The second column shows an icon of a dialog box, an empty box, or nothing next to each step, action, or set. These are the modal indicators. An icon or an empty box shows that the step (or one or more steps within an action or set) has user-definable parameters: a dialog box. The action can play with the options used when the step was recorded (empty), or it can stop at the step and wait for you to change the dialog box and click OK (icon).
Like the first column, the second column is color coded. A black icon indicates that every step that has a dialog box is set to open its dialog box and wait for input. A red icon shows that one or more steps will play with the prerecorded values. An empty box tells you that all steps will play with prerecorded values. If there is no icon and no empty box, none of the steps within the Action (or set) are modal.
The Palette Body
Examine the third column of the Actions palette shown in Figure 10.1:
The Actions Palette Buttons
Use the six buttons across the bottom of the Actions palette to create, record, play, and delete actions. All these capabilities are duplicated by commands in the Actions palette menu:
The Actions Palette Menu
The Actions palette's menu contains a variety of commands for creating, using, and managing actions. Much of the palette menu commands are already covered using the palette's interface controls. There are a few options to note.
Recording actions and creating action sets in the palette doesn't preserve them. To ensure that you won't accidentally delete your custom actions by resetting the palette, use the Save Actions command.
Several of the palette's menu commands can be considered palette maintenance commands. You can use the menu to remove all action sets and actions (Clear All Actions), return the palette to its default content (Reset Actions), add action sets or actions to the palette (Load Actions), exchange the current content for a different set of actions (Replace Actions), and save a set of actions so that it can be reloaded at a later time (Save Actions).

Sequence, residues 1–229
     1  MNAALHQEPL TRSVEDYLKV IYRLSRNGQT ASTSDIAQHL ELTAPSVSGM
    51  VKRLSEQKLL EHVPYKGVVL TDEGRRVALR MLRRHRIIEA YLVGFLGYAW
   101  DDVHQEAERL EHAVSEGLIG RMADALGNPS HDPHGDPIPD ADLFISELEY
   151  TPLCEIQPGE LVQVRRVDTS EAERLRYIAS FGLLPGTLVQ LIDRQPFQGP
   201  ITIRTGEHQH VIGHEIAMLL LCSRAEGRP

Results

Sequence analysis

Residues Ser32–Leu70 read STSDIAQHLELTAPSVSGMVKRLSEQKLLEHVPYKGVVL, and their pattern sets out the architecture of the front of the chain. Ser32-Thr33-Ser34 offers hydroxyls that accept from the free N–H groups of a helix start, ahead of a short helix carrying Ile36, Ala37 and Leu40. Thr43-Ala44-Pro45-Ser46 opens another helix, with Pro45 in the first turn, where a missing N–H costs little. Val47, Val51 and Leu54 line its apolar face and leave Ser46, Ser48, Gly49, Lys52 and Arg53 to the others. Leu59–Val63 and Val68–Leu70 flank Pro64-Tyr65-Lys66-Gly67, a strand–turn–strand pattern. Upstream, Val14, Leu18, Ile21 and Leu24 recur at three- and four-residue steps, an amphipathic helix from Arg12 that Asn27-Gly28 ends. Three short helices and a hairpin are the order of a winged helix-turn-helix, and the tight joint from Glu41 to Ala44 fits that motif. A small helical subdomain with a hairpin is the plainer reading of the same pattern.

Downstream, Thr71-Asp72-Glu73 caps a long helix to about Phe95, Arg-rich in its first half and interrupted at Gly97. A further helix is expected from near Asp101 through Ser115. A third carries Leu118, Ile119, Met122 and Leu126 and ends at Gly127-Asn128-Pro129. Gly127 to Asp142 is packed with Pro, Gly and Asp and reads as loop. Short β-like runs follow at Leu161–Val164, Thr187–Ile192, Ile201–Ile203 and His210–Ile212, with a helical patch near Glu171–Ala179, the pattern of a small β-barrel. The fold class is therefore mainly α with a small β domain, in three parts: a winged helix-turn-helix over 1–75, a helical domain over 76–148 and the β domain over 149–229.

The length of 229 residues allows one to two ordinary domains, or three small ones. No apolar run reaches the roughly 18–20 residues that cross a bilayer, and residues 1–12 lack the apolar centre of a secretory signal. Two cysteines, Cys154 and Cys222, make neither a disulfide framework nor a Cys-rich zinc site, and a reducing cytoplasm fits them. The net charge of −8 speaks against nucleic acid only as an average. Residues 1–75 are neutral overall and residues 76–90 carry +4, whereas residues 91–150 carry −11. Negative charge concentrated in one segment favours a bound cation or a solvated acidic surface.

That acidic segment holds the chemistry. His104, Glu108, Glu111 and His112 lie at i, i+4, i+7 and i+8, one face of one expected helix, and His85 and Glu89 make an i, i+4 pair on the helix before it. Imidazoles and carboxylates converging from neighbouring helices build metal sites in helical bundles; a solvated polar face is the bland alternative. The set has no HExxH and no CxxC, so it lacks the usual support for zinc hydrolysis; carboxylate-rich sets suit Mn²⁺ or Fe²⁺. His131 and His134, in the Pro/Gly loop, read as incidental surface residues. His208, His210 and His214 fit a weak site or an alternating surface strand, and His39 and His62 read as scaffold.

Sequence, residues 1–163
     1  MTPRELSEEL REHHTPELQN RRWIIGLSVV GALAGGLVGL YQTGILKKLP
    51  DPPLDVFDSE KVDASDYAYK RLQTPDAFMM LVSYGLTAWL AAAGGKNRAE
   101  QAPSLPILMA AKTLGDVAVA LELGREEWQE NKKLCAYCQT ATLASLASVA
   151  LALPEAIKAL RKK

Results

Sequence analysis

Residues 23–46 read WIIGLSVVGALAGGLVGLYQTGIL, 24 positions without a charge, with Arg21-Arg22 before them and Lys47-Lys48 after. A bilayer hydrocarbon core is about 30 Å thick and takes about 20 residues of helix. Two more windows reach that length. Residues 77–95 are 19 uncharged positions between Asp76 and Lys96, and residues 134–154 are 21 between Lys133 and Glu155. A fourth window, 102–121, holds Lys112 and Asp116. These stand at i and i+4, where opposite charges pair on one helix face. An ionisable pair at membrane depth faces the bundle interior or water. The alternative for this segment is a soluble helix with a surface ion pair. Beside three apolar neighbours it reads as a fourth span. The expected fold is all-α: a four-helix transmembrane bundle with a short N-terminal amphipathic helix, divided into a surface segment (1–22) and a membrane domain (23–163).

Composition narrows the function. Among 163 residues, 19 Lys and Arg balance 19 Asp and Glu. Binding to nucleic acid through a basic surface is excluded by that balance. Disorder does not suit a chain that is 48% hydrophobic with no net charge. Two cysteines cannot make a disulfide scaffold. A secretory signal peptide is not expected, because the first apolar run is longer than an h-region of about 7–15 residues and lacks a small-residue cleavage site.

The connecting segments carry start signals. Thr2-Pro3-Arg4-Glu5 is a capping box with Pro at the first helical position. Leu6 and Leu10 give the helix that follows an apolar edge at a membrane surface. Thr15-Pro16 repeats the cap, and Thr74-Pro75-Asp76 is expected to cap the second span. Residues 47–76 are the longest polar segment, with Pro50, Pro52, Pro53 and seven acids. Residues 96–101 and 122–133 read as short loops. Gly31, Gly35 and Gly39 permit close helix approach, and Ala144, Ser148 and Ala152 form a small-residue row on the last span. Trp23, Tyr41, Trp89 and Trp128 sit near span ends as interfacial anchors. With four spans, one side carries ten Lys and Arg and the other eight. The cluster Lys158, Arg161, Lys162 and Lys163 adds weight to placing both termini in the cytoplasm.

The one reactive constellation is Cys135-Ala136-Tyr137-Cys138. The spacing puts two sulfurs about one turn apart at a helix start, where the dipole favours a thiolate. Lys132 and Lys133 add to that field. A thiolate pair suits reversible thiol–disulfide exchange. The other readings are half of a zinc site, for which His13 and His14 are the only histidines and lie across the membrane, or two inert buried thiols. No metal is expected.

You can save actions as text files and view or print them. Select a set of actions or create a new set and copy one or more actions into it. Hold down the Option- keys (Mac users) or the Alt+Ctrl keys (Windows users) and select Save Actions from the Actions palette menu; a text file (.txt extension) is generated. (Remember that you can only use the Save Actions command with sets of actions, not individual actions.)
The Actions palette can also be displayed in Button Mode (see Figure 10.2). In this configuration, you play an action by clicking it. Note that the palette shows no buttons for recording actions; this mode is for playing actions only. In fact, when in Button Mode, the Actions palette's menu commands related to creating, recording, and even playing are grayed out.
Figure 10.2. Depending on the size and shape of the palette, Button Mode can display actions in one column or multiple columns.
Actions are sorted in the palette according to their order, not by assigned color. (An action's color can be assigned when recorded or through the palette's menu command Action Options.) Action sets are ignored in Button Mode.
Before switching to Button Mode, you can rearrange actions by dragging them up and down in the Actions palette.